21.12.1867 JA141 CS Transfer of license from Joseph Cattell to William Cattell

28.8.1878 LJ Vol1 P9 Owner : William Cattell Snr
later William Cattell Jnr
Liensee : William Cattell
5.12.1895 TOL to William Cattell Jnr

1910 ACov P25B Photo

1910 CovAIW Photo 33

COC P31 Used by Algy the rag and bone man

1915 GH P31 Photo

to 1930 Friedrich Home brewery

CS1 Photo

29.1.1970 News 2-6 Up to a century ago the left side of the yard was a shop where an odd assortment of goods, including toys, was sold.

The lay-out is simple. The central paved yard divided the 'resedential' on the right. Domestic quarters upstairs cover the entire width.

4.7.1977 News 36 Manns bitter launched here

1977 WRAG1 ( Ma Browns's )

1979 WRAG2 Very crowded pub of character

1982 WRAG3 One of the oldest pubs in Coventry. Very small and very crowded most nights. Food is very good.

1984 Pubscrawl 5 Built in 1451

Ma Brown kept the pub from 1931 till she died at the age of 84 in 1967.

Arguably the smallest bar in the country, just 2' 6" wide, The walls and ceiling of the pub are packed with hops, obviously the medaeval version of cavity wall insulation. Mike Woolmer, present licensee, is an ex-policeman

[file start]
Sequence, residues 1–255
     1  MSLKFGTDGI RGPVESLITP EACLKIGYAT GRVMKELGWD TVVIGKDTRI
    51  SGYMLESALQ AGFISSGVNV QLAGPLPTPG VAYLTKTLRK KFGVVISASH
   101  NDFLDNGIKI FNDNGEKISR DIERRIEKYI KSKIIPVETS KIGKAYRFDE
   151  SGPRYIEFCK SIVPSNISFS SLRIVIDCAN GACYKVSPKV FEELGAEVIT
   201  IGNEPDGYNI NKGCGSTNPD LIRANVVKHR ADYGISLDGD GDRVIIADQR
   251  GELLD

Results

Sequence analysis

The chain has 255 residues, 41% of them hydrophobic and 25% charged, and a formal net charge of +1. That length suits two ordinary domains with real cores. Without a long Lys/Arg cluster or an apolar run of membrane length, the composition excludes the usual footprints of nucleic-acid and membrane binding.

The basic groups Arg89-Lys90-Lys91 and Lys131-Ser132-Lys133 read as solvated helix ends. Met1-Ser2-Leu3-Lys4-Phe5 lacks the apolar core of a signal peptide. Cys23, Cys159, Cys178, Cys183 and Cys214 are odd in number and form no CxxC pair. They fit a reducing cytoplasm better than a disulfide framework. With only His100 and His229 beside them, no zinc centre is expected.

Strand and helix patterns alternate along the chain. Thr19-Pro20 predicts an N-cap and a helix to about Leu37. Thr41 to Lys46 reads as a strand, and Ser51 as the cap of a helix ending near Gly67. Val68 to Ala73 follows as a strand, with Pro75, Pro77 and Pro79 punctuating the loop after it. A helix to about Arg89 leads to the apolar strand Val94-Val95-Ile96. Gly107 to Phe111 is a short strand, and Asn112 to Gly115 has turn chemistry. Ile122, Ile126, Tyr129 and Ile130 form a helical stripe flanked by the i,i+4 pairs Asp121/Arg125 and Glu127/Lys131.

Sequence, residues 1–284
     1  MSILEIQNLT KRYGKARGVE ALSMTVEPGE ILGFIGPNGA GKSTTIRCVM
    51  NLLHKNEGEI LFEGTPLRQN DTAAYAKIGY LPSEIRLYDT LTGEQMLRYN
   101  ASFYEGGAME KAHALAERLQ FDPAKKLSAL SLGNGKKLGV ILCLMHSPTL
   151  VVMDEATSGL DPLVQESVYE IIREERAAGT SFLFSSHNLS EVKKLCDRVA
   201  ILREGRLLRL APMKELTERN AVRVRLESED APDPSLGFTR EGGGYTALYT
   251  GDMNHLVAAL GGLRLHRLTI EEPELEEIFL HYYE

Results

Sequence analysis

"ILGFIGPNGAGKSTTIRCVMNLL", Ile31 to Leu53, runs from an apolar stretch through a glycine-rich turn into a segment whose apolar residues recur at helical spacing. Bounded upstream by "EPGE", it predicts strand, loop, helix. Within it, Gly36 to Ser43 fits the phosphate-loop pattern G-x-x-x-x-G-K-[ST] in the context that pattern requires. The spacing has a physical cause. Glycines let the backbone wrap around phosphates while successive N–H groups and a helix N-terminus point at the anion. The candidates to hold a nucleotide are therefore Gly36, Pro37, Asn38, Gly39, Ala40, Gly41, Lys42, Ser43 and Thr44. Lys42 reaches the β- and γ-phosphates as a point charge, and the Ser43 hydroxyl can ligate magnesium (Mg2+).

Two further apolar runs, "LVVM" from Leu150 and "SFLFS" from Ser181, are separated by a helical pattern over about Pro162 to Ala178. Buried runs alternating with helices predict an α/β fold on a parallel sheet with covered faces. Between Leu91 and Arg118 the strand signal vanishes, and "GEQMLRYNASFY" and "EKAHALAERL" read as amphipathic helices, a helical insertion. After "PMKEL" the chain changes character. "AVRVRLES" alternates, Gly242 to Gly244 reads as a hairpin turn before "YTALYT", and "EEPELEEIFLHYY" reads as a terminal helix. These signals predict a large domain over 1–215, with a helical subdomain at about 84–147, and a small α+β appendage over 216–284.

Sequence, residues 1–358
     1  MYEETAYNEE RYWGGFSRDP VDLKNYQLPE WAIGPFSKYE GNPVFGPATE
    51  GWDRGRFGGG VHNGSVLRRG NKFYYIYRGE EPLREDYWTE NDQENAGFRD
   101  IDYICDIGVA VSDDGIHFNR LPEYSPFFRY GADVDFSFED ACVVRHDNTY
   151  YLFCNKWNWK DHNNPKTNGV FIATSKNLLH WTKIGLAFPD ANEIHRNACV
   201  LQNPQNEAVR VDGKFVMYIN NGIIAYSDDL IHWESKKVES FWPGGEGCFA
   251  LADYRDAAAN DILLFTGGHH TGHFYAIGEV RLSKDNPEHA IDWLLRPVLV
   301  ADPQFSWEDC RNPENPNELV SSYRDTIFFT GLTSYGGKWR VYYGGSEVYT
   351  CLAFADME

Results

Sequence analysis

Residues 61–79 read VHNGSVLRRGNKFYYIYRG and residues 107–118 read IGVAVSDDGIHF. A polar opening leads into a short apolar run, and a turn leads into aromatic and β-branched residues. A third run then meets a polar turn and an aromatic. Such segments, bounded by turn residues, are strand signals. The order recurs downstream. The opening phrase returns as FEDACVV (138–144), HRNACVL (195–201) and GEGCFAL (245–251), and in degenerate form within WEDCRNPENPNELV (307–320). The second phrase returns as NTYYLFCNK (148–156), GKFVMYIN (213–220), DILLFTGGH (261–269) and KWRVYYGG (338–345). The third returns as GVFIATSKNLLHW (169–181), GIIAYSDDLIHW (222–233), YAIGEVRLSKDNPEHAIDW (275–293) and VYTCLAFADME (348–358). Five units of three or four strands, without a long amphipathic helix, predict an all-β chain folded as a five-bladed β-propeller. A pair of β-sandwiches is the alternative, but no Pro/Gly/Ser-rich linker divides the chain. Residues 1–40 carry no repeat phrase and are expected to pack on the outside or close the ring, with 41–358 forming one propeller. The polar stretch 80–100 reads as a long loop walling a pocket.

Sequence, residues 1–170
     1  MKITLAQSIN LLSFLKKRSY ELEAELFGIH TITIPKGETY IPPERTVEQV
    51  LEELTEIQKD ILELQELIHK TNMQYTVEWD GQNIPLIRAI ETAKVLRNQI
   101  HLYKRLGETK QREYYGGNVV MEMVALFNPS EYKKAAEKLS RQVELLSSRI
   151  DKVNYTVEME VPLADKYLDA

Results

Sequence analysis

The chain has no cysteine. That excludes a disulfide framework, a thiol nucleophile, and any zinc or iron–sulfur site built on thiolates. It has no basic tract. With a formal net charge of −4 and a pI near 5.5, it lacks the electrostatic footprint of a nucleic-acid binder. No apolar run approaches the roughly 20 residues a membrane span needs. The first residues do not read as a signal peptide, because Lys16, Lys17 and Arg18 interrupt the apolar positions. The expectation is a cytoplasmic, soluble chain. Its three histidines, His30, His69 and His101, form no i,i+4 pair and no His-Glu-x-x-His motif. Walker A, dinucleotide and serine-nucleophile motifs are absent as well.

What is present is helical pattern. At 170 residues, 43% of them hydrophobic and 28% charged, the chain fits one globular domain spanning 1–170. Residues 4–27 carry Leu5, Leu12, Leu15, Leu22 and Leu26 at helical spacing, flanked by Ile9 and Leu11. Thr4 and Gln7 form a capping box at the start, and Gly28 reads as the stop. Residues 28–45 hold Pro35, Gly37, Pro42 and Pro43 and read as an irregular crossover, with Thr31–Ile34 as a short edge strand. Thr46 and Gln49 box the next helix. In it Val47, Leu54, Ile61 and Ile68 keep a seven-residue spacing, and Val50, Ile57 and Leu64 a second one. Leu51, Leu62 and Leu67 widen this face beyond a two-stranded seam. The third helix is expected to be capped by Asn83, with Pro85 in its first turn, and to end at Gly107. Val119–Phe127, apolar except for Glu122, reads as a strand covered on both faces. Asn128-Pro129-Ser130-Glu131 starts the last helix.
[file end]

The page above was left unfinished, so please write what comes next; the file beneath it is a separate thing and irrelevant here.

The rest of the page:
1985 Pubsrawl 139 The interior designers, the builders, the joiners and decorators ..... they've not only left much of the internal structure intact, they've also improved and enganced it to produce the sort of pub that should prove a magnet for local and visitor alike. Only one wall had been knocked sown to give some much-leeded breathing space to a lounge that tended to become claustrophobic when you shared it with some 20 students and a stag night party. The wall was impregnated with hops - not so much cavity wall insulation as remnants from the days when beer was brewed on the premises and the raw materials were stored in upstairs rooms.

There were probably more hops in that wall than you'd find in several kegs of Watneys. The old bar serving area was one of the smallest in the country. Little more than 2 ft 6 in wide and not much longer. Thankfully there's been no attempt to knock through to the bar next door. Instead its been preserved as a little nooky corner.

The ladies who used to peel the Sunday lunchtime spuds in Ma Browns front bar would be glad to know that the range is still there, gleaming spick and span. In fact the room has hardly changed. One fireplace has been ripped out - the Victorian one in the lounge. Behind it builders found the original open stone hearth. Needless to say that has been turned into an attractive focal point in the room where Ted Brown, son of the legendary Ma used to weave through the packed bodies with trays full of pints.

Spon P23-24 Probably the ,ost famous building in the whole of Spon Street is what was Nos 22 & 23 and now one building - the Old Windmill public house affectionately known as Ma Brown's and dating back to Tudor days. The Townscape brochure shows that ' Beneath the colour washed stucco is concealed a timber framed building. It consists of two bays and the upper floor is jettied over the pavement. The central dorway leads to a paved courtyard which formerly divided the property into two...... internally many historic an old brew-house, an open-range fireplace in the bar and old wall benches and oak panelling.'